Tribunals Cannot Use Legislation to Obtain Documents Protected By Solicitor-Client Privilege Unless It Contains “Clear, Explicit and Unequivocal” Language.
In Alberta (Information and Privacy Commissioner) v. University of Calgary, 2016 SCC 53, the Supreme Court protected documents subject to solicitor-client privilege from being released under Section 53 of Alberta’s Freedom of Information and Protection of Privacy Act. In their decision the Supreme Court held that legislation cannot nullify solicitor client privilege without “clear, explicit and unequivocal” language.
This case centered over a Notice to Produce Records sent by the Information and Privacy Commission to the University of Calgary under the Alberta Freedom of Information and Protection of Privacy Act (FIPPA). This act requires public bodies to produce records to the Information and Privacy Commissioner on demand “despite any other enactment or any privilege of the law of evidence.”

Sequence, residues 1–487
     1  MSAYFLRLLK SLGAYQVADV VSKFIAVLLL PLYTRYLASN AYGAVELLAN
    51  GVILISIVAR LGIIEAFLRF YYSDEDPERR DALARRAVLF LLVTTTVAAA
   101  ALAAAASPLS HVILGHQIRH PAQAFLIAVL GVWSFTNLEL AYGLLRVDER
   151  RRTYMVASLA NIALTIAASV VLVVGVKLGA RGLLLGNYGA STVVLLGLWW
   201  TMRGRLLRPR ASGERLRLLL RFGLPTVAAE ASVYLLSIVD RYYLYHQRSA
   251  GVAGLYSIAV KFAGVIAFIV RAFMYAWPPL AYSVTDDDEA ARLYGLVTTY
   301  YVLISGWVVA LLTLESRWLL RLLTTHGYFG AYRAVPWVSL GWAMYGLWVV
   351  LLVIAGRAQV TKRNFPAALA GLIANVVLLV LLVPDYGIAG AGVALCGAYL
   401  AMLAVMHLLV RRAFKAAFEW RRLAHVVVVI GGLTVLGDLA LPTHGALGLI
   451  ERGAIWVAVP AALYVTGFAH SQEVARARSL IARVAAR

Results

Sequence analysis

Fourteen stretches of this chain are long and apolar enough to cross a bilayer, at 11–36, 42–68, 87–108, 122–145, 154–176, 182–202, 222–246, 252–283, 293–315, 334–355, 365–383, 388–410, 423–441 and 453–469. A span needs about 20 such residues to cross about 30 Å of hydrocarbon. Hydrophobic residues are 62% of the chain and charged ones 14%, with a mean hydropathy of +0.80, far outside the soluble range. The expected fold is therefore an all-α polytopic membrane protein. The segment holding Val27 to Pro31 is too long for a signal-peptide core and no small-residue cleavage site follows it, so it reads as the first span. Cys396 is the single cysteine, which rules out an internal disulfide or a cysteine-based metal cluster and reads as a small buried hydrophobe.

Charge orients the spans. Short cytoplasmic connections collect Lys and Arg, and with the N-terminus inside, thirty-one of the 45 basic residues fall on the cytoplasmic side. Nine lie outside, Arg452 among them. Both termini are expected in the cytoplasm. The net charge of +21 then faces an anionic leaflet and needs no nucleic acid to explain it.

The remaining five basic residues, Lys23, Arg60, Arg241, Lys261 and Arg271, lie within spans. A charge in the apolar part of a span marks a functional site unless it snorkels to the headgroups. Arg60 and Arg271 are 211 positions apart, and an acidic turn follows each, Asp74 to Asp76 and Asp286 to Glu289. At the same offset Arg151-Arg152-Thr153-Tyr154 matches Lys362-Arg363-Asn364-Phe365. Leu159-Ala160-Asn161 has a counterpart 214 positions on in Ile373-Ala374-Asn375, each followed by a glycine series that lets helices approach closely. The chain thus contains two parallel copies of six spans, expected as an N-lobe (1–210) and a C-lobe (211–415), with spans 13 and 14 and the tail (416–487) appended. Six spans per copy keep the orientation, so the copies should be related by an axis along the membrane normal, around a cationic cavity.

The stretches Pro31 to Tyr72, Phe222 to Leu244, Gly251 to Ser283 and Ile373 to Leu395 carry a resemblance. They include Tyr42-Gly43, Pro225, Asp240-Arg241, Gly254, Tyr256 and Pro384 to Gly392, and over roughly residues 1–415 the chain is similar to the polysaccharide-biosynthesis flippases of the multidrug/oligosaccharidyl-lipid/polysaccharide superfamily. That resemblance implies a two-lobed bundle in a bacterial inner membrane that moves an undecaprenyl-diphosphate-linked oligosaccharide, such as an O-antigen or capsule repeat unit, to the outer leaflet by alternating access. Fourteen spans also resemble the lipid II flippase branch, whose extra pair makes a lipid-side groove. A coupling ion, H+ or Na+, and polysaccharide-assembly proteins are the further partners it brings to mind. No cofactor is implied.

The Supreme Court recognized that solicitor-client privilege represented a fundamental value and therefore required “clear, explicit and unequivocal language.” This test did not represent a return to the plain meaning rule but instead was grounded in the contextual approach that the modern Supreme Court used. The court then held that FIPPA did not meet this standard as the legislation had referred to solicitor client privilege in other sections of the document but specifically did not mention it in section 56(3). Moreover, the court held that if the legislature had intended to forego solicitor-client privilege it would have legislated safeguards as to when this privilege may be set aside.
This case further protects solicitor-client privilege. While legislation does not necessarily need to explicitly abrogate solicitor-client privilege it must clearly do so.